These Black-led groups have popped up across the country as more and more Black people have reported prolonged Covid symptoms — and difficulty receiving treatment.
Chimére L. Smith, 40, thought her bout with Covid in March 2020 would pass within two weeks, as most mild cases do. But the Baltimore English middle school teacher found herself continuously experiencing extreme fatigue, diarrhea, dry mouth, brain fog and a sore throat, which she initially attributed to a possible sinus infection. By April, she couldn’t work or drive, had lost 30 pounds, had spinal pain and lost complete vision in her left eye. She even thought about taking her own life. Smith was experiencing long Covid.
Smith said she visited hospitals a dozen times seeking help, but the physicians brushed her off, and one doctor labeled her “aggressive” when she insisted that severe headaches she experienced were due to Covid. She said she was repeatedly discharged with no resolution after each visit.
“I would come in with notes of my symptoms and share these symptoms with these doctors and they would not hear me. They wouldn’t listen to me. They would treat me as if I was a child and I didn’t know my body,” Smith said. “I wanted to die because I could not eat. I could hardly drink. I couldn’t think. Everything that I knew about my life within those first two or three months had been destroyed.”
That’s when Smith found the BIPOC Women Long Covid ‘Long Hauler’ Support Group, a Facebook group with hundreds of women of color with long Covid who meet virtually. Since joining the group in May 2021, Smith said she has been better equipped to advocate for her own care and that of Black women living with prolonged symptoms of the virus. She’s one of many Black people across the country suffering from long Covid who have found solace in communities of people having the same experience. Similar support groups have popped up in many states since the pandemic began, with Black people uniting to tackle everything from lingering symptoms to disparities in the nation’s health care system.
Long Covid — or post-Covid — was first identified in the U.S. in the months after the pandemic began in March 2020. And now, two and a half years into the public health crisis, a lot remains unknown about the prolonged illness that affects up to 23 million Americans. Symptoms of long Covid vary from person to person, with people reporting experiencing everything from fatigue and cognitive impairment to tissue damage and organ injury, according to the U.S. Government Accountability Office. Like most of the pandemic’s fallout, Black people are bearing the brunt of long Covid, with the group making up a majority of long Covid hospitalizations and researchers even projecting that Black people’s life expectancy will drop significantly in the next five years as a result. As a way to counter the troubling data, Black people have formed these support groups in hopes of making sense of the illness and to find the help they need.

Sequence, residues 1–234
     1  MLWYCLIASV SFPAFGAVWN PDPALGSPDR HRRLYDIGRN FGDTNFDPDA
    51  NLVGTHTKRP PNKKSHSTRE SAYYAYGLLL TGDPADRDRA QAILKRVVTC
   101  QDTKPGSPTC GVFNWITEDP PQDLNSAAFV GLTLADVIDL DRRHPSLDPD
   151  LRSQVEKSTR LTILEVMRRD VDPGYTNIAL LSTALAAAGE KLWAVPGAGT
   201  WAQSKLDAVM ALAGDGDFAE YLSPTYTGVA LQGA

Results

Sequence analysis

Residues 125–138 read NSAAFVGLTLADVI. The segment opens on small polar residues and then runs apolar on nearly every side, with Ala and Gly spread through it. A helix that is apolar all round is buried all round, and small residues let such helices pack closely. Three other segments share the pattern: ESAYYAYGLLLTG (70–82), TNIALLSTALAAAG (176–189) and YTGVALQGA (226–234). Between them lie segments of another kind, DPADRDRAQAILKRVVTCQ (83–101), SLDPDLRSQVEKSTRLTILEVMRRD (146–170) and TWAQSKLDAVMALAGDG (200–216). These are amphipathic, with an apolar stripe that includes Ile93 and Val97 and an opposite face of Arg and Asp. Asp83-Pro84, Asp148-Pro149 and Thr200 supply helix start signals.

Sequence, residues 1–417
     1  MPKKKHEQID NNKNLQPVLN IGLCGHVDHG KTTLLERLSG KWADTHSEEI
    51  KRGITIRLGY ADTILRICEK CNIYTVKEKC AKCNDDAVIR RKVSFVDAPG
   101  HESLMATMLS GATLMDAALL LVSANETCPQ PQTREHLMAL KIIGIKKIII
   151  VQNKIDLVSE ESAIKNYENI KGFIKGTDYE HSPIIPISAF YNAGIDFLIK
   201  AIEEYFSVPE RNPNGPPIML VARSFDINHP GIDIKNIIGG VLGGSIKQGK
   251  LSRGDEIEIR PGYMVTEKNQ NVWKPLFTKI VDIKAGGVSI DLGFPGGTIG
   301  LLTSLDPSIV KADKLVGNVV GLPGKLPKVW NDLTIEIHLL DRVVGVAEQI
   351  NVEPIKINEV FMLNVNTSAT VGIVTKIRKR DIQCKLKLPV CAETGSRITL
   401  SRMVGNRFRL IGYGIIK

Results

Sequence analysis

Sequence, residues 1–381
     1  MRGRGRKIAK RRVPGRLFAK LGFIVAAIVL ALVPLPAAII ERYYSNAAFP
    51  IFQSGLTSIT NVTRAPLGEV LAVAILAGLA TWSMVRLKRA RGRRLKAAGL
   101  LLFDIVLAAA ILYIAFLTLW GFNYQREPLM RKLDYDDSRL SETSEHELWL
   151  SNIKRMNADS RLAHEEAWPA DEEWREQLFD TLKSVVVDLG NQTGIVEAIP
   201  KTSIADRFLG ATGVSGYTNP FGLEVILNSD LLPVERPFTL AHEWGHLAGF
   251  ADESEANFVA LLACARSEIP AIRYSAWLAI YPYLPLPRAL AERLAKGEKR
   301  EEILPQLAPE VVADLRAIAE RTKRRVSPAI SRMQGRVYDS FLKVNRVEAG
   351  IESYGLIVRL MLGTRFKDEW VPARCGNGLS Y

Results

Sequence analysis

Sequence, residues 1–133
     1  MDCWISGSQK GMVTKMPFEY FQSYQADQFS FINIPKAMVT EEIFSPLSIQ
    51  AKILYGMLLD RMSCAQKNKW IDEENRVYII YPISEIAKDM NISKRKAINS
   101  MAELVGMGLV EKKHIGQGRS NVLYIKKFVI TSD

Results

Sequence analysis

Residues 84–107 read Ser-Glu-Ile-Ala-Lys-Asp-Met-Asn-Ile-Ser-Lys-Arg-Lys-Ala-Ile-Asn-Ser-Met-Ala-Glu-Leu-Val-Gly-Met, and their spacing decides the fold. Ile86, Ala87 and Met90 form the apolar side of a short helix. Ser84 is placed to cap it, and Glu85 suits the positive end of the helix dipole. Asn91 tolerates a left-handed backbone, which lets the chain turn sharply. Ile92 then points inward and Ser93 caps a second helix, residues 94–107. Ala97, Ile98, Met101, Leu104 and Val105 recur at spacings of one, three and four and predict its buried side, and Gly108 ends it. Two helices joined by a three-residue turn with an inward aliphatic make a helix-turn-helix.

“I am very proud to be a part of that group,” Smith said of the Facebook community. “As a matter of fact, that group is where I now spend a lot of my time because we become family, because we all share the same experiences.”
Dr. Margot Gage Witvliet, a social epidemiologist and assistant professor at Lamar University, created the support group Smith is a part of in July 2020 after struggling with her own prolonged Covid symptoms. Witvliet, 40, contracted Covid in March 2020 and spoke about her experience in a TED Talk. She told NBC News that her husband and two children also contracted the virus, but her symptoms were the worst. She said in the TED Talk that she had trouble breathing and even suffered a seizure. Witvliet, who lost her grandmother to Covid, said she is just happy to be alive. Witvliet still endures chronic pain, fatigue and neurological issues, including short-term memory loss. Like Smith, Witvliet said doctors dismissed her symptoms and “infantilized” her. She said, on one occasion her glucose levels rose, which she believed to be a result of the virus, and a doctor told her to stop eating fried foods. In another incident, Witvliet was rushed to the hospital for a seizure, and was attended by a physician who asked if she had used drugs, she said. “I was not treated with dignity,” she said, adding that on one occasion her husband, who is white, accompanied her to an appointment. And the doctor would only address him. “Yet, I am the one who is a health expert with a PhD and I am not a child.”
After hearing multiple women of color share similar stories of seeking treatment for their long Covid symptoms, Witvliet decided to create a safe space where their voices could be heard.
“I wanted to be able to use the fact that I was a professor and a social epidemiologist to really help these women who were suffering,” Witvliet said. “So that’s what this group has done. And I’ve met some really phenomenal women, and we have lasting friendships in this group because we’re all unified by this trauma that’s happened to us.”